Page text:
5. Light scattering by randomly oriented crystals

    NASA Astrophysics Data System (ADS)

    Muinonen, Karri; Lumme, Kari; Peltoniemi, Jouni; Irvine, William M.

    The scattering phase function and the degree of linear polarization for small crystals oriented randomly in space have been computed using the geometric ray tracing theory and assuming that the crystals are homogeneous and isotropic. Calculations have been carried out for the main crystal geometries. Detection of halos from crystals other than hexagonal water ice is briefly discussed. The crystal size and shape parameters have also been averaged over some simple distributions in order to examine general light scattering properties of sharp-edged particles. A scalar physical optics correction has been developed for the geometric optics phase functions. Results can be applied to light scattering from regoliths and planetary rings, and possibly also to atmospheric halos. Retroreflecting crystals in the regolith would cause an opposition spike, a phenomenon observed for many bright satellites.

  6. Light Scattering based detection of food pathogens

    Technology Transfer Automated Retrieval System (TEKTRAN)

    The current methods for detecting foodborne pathogens are mostly destructive (i.e., samples need to be pretreated), and require time, personnel, and laboratories for analyses. Optical methods including light scattering based techniques have gained a lot of attention recently due to its their rapid a...

  7. Noise induced in optical fibers by double Rayleigh scattering of a laser with a 1/fν frequency noise.

    PubMed

    Fleyer, Michael; Heerschap, Seth; Cranch, Geoffrey A; Horowitz, Moshe

    2016-03-15

    We study, theoretically and experimentally, intensity noise induced by double Rayleigh scattering in long optical fibers. The results of the theoretical model are compared to experimental results performed with a high-coherence-length laser with a frequency noise spectrum that is dominated by 1/fν noise. Excellent quantitative agreement between theoretical and experimental RF spectra were obtained for frequencies as low as 10 Hz and for fiber lengths between 4 and 45 km. Strong low-frequency intensity noise that is induced by 1/fν frequency noise of the laser may limit the performance of interferometric fiber optic sensors that require high-coherence-length lasers. The intensity noise due to double Rayleigh backscattering can be suppressed by reducing the coherence length of the laser. Therefore, the intensity noise has a complex and non-monotonic dependence on the 1/fν frequency noise amplitude of the laser. Stimulated Brillouin scattering will add a significant noise for input powers greater than about 7 mW for a 30 km length fiber.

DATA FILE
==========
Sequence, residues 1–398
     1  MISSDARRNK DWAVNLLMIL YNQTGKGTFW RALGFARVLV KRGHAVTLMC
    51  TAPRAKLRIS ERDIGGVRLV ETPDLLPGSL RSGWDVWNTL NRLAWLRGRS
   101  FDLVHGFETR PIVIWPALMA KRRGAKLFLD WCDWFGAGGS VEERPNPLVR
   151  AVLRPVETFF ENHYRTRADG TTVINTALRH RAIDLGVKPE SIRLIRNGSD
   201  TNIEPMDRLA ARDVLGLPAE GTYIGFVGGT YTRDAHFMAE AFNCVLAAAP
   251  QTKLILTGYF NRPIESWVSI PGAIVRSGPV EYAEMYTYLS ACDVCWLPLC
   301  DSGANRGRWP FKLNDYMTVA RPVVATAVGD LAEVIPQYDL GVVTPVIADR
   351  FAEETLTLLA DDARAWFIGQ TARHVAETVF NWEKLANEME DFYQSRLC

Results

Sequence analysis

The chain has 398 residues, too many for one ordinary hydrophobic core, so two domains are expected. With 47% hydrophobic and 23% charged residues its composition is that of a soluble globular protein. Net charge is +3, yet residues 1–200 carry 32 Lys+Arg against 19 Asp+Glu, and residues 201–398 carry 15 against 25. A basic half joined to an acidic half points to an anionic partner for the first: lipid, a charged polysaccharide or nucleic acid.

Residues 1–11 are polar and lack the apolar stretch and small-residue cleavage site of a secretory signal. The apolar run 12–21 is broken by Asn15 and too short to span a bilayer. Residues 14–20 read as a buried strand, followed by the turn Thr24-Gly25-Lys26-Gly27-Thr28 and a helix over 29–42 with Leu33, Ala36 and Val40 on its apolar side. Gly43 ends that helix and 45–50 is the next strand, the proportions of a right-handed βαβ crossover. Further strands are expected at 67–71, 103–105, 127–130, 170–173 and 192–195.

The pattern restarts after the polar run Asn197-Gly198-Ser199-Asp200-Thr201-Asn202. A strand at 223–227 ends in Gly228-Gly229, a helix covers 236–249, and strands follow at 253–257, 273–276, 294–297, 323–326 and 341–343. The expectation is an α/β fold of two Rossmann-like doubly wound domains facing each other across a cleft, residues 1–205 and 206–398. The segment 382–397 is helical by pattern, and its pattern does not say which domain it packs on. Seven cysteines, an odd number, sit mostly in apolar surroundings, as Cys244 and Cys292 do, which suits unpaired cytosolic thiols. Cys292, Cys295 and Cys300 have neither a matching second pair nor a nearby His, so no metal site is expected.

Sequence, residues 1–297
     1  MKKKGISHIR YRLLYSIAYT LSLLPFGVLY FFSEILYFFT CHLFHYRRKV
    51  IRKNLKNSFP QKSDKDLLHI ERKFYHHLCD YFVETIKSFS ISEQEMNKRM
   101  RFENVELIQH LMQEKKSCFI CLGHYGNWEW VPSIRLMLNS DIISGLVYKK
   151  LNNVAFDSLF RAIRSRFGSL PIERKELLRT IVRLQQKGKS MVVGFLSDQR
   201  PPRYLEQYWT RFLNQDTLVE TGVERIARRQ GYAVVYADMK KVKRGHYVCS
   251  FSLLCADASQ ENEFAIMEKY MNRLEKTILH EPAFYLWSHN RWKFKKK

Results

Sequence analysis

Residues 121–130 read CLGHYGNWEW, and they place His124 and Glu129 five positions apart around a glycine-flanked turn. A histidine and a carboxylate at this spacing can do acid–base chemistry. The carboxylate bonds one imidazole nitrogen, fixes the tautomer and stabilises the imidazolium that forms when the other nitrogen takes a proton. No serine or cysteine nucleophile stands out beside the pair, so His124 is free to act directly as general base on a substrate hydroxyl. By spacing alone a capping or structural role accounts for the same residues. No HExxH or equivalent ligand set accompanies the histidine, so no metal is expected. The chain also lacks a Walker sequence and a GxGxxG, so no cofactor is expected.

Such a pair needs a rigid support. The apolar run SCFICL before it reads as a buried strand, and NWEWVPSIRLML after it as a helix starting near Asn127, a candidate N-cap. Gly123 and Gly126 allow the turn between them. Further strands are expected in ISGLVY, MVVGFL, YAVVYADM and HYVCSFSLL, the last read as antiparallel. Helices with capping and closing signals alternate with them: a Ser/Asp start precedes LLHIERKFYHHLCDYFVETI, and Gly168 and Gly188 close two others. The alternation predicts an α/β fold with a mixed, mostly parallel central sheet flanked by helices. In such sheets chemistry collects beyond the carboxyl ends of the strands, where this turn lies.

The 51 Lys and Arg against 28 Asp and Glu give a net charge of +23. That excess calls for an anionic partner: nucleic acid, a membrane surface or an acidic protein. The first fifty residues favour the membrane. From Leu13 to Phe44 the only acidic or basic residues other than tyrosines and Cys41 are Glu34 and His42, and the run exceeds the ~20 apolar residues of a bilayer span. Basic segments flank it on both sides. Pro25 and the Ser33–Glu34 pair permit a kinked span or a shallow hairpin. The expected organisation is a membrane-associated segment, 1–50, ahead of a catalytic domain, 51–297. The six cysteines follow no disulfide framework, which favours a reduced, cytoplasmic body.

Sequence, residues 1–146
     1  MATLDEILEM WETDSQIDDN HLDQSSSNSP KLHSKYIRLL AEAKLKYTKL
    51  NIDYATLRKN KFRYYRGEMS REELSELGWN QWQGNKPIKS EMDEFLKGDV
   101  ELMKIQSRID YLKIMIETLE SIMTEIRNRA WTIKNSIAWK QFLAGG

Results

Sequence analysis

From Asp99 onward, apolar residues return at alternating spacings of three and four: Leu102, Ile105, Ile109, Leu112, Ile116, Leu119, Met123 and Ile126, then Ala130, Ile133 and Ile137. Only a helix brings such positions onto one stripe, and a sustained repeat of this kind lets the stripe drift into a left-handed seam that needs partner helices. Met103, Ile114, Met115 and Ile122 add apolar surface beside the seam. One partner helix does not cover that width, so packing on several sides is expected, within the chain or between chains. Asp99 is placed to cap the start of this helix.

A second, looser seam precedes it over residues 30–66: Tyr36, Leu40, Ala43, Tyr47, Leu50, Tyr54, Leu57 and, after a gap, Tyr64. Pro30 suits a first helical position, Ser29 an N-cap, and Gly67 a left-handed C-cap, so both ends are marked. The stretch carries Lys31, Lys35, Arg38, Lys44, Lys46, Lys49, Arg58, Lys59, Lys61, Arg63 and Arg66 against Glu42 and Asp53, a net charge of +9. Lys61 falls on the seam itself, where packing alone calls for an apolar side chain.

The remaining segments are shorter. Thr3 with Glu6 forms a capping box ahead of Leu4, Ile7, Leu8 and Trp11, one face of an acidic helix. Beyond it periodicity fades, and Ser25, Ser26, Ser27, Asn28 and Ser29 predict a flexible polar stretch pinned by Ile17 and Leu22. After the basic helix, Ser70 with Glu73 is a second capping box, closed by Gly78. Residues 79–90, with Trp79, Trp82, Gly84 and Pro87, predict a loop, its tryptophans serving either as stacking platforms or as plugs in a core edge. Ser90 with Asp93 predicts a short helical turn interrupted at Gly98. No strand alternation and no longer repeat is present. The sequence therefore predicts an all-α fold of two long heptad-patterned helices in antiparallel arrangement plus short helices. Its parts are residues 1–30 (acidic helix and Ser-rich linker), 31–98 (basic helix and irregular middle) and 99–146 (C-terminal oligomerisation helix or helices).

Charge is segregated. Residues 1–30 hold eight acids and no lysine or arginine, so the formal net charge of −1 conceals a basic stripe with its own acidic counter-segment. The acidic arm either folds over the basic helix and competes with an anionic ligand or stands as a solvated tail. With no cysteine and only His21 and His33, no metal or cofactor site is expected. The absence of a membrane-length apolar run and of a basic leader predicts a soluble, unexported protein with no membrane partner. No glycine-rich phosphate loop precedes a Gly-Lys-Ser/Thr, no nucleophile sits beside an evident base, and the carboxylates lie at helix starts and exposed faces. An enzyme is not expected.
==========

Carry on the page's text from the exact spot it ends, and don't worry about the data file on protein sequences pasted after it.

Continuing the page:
8. New technique for retrieval of atmospheric temperature profiles from Rayleigh-scatter lidar measurements using nonlinear inversion.

    PubMed

    Khanna, Jaya; Bandoro, Justin; Sica, R J; McElroy, C Thomas

    2012-11-20

    The conventional method of calculating atmospheric temperature profiles using Rayleigh-scattering lidar measurements has limitations that necessitate abandoning temperatures retrieved at the greatest heights, due to the assumption of a pressure value required to initialize the integration at the highest altitude. An inversion approach is used to develop an alternative way of retrieving nightly atmospheric temperature profiles from the lidar measurements. Measurements obtained by the Purple Crow lidar facility located near The University of Western Ontario are used to develop and test this new technique. Our results show temperatures can be reliably retrieved at all heights where measurements with adequate signal-to-noise ratio exist. A Monte Carlo technique was developed to provide accurate estimates of both the systematic and random uncertainties for the retrieved nightly average temperature profile. An advantage of this new method is the ability to seed the temperature integration from the lowest rather than the greatest height, where the variability of the pressure is smaller than in the mesosphere or lower thermosphere and may in practice be routinely measured by a radiosonde, rather than requiring a rocket or satellite-borne measurement. Thus, this new technique extends the altitude range of existing Rayleigh-scatter lidars 10-15 km, producing the equivalent of four times the power-aperture product.